Eagle Vale, New South Wales
Sydney, New South Wales
Eagle Vale Leisure Centre
|Population||5,788 (2016 census)|
|Location||56 km (35 mi) south-west of Sydney CBD|
|LGA(s)||City of Campbelltown|
Eagle Vale is a suburb of Sydney, in the state of New South Wales, Australia. Eagle Vale is located 56 kilometres south-west of the Sydney central business district, in the local government area of the City of Campbelltown and is part of the Macarthur region.
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Following European settlement, many new settlements were established to the south west of Sydney, to cater for the growing agricultural demands of the growing colony. The land surrounding these settlements were subsequently divided up and given away as land grants to settlers in order to establish farms. One such grant, 100 acres (0.4 km²) worth, was that given to Thomas Clarkson on the western hills of Campbelltown, at the base of what is now called the 'Scenic Hills'. Clarkson, an ex-convict turned businessman and baker, established the property of 'Woodland Grove,' which not only covered modern day Eagle Vale, but most of its surrounding suburbs. After his death in 1826, his property was sold to Jemima Jenkins, a wealthy widow of the founder of the Bank of New South Wales (now Westpac). She renamed the property 'Eagle Farm' and used the address 'Eagle Farm, Eagle Vale.' The name Eagle Vale originated from two creeks that ran through the property, Eagle Creek and Valebrook, the later now being located in the suburb of Eschol Park. (The two creeks were later converted into flood retention basins' and stormwater channels) She later sold a large part of the western side of the property to the Kearns family, who used it to expand the adjacent property of 'Epping Forest.' Once Jenkins died, the land eventually ended up in the ownership of William Fowler, a Campbelltown business man, who again renamed the property, this time to 'Eschol Park,' and the name Eagle Vale eventually fell into a period of disuse.
It was not until 1976, when the property of Highlands was being subdivided for suburban residential use that the name of Eagle Vale surfaced once again, to be applied to the new subdivision between the newly developed suburb of Eschol Park and the public housing estate of Claymore. In 1978, the first housing lots were released, and several land releases continued into the 1980s, with some smaller releases continuing into the early 1990s. The relatively low price of the land meant that it quickly attracted first home buyers, often young families. Eagle Vale, much like the rest of Campbelltown area, has often attracted an unfortunate reputation for being a somewhat undesirable suburb, an attitude that is compounded by its proximity to the public housing suburb of Claymore which itself is often negatively perceived. This negative image of Claymore even prompted residents of privately owned houses in the suburb to lobby for the suburb borders to be altered in order to place them into Eagle Vale, which was eventually achieved in 1986. This explains why some of the streets on the eastern side of the suburb have names following Claymore's street naming theme, Great Australian Artists, such as Albert Namatjira, rather than Eagle Vale's theme of minerals and gemstones, such as Emerald, Cameo and Aquamarine.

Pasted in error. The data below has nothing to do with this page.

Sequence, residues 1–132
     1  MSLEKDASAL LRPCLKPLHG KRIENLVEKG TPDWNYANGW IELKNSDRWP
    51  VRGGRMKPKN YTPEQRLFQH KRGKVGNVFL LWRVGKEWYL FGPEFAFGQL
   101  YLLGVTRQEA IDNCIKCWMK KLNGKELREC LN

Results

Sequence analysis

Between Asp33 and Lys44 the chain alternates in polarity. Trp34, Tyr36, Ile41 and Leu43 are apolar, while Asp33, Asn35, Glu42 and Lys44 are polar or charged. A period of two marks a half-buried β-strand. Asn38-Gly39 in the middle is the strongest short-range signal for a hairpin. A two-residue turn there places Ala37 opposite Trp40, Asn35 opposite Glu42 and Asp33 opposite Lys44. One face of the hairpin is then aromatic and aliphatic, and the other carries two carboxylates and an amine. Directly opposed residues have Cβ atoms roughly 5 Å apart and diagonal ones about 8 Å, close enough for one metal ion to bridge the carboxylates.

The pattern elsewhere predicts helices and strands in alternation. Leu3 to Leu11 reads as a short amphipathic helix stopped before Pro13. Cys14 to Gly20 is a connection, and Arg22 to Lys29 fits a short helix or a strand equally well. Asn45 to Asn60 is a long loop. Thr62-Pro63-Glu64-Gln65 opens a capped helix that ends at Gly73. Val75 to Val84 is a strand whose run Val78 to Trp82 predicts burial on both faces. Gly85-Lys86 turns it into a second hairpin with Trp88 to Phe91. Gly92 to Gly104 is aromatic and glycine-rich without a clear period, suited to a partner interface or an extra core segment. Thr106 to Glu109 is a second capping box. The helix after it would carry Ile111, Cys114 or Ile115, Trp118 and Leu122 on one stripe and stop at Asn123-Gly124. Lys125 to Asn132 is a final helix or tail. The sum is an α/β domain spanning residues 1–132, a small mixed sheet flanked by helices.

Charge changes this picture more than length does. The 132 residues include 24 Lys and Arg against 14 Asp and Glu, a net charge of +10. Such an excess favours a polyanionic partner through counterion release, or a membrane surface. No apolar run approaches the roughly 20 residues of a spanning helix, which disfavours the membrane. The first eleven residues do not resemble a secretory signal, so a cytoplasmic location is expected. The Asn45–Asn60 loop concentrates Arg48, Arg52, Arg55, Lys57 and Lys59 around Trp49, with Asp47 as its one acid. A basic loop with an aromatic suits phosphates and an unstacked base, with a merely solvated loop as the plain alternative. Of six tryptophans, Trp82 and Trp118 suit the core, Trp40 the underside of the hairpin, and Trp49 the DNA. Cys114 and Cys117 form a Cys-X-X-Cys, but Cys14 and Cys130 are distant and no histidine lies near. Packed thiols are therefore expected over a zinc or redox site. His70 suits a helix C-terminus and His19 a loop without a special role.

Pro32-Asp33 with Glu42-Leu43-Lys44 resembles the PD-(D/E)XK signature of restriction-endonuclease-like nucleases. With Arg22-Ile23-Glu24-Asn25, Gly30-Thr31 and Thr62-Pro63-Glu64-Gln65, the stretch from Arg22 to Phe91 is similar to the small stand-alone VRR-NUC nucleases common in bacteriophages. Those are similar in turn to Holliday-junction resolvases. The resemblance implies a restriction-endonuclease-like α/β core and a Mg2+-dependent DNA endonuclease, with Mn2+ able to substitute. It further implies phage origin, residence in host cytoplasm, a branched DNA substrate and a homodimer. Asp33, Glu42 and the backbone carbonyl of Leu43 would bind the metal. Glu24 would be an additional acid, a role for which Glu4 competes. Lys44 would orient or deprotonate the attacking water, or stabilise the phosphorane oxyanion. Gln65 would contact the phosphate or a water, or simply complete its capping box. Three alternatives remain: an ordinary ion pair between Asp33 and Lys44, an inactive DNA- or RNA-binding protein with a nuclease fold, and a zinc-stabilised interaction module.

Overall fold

The suburb features several parks and reserves, including Thomas Clarkson Reserve, located on the former route of Eagle Creek, which features the original ornamental pond from the Jenkins estate. Adjacent suburbs also feature parks named after Jemima Jenkins (in Kearns) and William Fowler (in Eschol Park); and Valebrook Reserve, located on the former location of Valebrook Creek.
Ivan Milat, the famous "Backpacker Murders" serial killer and, rapist, now in jail, resided at 22 Cinnabar Street, Eagle Vale. (http://www.trutv.com/library/crime/serial_killers/predators/milat/13.html)
Eagle Vale Marketplace is a shopping centre that opened in 1995, featuring a Woolworths supermarket and specialty shops. A police station was added in 2000. Eagle Vale Leisure Centre was opened in 1993 as a multipurpose gym and aquatic centre. In 2003, a Eagle Vale Branch Library opened as an addition to the south wing of the now rebranded Eagle Vale Central.
According to the 2016 census, Eagle Vale had a population of 5,788 people. The median age in the suburb was 33, compared to a national median of 38. Aboriginal and Torres Strait Islander people made up 4.0% of the population. The most common ancestries in Eagle Vale were Australian 22.6%, English 19.6%, Irish 6.2%, Scottish 4.4% and Filipino 3.5%. 66.7% of people were born in Australia. The next most common countries of birth were Philippines 3.1%, New Zealand 2.6%, Fiji 2.0% and England 1.8%. 68.3% of people spoke only English at home. Other languages spoken at home included Arabic 4.5%, Spanish 2.2%, Samoan 2.2%, Lao 2.2% and Tagalog 1.8%. The most common responses for religion were Catholic 32.2%, No Religion 16.5%, Anglican 15.7% and Islam 6.6%. 
- Australian Bureau of Statistics (27 June 2017). "Eagle Vale (State Suburb)". 2016 Census QuickStats. Retrieved 8 January 2019. Material was copied from this source, which is available under a Creative Commons Attribution 4.0 International License.
- "History of Eagle Vale".